Innate personal characteristics, early years experience, diet, housing, income levels and parental education/involvement affect attainments far more than do schools, just as they do health to much greater extent than do medical services.
Having more children from poor homes attend universities is a worthy aim but it has no relevance to the majority who have neither the abilities nor the desire to do this.
Education should fit children’s individual needs, abilities and interests.
The “one-size-fits-all” approach has done huge harm. Equating educational progress with “raising standards in schools” and using exam results to assess, will not serve either pupils or society well.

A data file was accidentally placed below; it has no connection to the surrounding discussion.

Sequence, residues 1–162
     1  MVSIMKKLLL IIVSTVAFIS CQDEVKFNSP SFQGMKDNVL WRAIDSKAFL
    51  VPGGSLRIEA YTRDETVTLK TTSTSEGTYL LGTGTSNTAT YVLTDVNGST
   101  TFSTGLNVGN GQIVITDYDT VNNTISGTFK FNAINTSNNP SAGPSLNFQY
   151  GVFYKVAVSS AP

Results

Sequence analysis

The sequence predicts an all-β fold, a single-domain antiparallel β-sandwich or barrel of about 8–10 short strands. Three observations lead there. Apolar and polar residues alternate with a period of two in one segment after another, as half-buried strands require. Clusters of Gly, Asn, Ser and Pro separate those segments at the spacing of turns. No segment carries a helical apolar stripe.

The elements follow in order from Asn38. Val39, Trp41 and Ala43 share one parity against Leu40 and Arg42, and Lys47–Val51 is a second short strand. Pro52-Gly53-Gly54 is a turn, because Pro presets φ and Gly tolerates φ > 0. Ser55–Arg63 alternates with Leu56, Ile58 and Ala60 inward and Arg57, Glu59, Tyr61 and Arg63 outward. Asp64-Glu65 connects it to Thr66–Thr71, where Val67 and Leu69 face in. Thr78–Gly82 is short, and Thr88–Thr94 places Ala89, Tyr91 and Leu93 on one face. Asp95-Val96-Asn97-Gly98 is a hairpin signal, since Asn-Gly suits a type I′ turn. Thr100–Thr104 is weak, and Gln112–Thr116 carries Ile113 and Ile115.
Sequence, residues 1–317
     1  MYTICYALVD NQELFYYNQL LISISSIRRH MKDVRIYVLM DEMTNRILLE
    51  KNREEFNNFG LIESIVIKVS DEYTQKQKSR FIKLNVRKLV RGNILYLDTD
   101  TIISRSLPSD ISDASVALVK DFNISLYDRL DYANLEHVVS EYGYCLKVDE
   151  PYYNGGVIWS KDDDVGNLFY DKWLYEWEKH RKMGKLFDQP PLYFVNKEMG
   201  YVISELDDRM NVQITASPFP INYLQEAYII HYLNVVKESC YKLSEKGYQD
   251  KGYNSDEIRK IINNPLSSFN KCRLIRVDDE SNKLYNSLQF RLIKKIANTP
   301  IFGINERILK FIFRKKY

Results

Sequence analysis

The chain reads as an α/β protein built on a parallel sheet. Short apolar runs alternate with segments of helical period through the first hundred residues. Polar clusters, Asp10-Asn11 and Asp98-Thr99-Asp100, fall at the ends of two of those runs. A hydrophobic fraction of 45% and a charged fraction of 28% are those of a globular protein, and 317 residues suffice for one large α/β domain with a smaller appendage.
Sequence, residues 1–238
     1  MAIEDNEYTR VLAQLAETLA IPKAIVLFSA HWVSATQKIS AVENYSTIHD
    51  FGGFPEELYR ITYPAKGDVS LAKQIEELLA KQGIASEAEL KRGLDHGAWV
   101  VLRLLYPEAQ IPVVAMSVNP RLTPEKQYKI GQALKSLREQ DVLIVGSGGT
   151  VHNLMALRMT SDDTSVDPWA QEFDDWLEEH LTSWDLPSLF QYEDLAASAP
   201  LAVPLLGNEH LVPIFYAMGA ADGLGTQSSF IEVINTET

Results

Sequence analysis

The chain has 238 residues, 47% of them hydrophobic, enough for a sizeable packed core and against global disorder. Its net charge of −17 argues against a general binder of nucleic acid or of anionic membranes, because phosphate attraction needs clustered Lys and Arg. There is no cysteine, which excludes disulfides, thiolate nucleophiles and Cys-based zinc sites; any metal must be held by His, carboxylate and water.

Few think that our many health problems will be solved by “raising standards in hospitals”.
In truth, only a small fraction of what we know was learned in classrooms and most of that is soon forgotten.
Attitudes are important. Consciousness, patience, perseverance, tolerance, openness, willingness to learn and honesty are needed in all aspects of life but clearly lacking in many adults at all levels of society.
Many children will be faced with high levels of insecurity and emotional stress throughout their lives; little will be done to prepare them for this by the government’s priorities.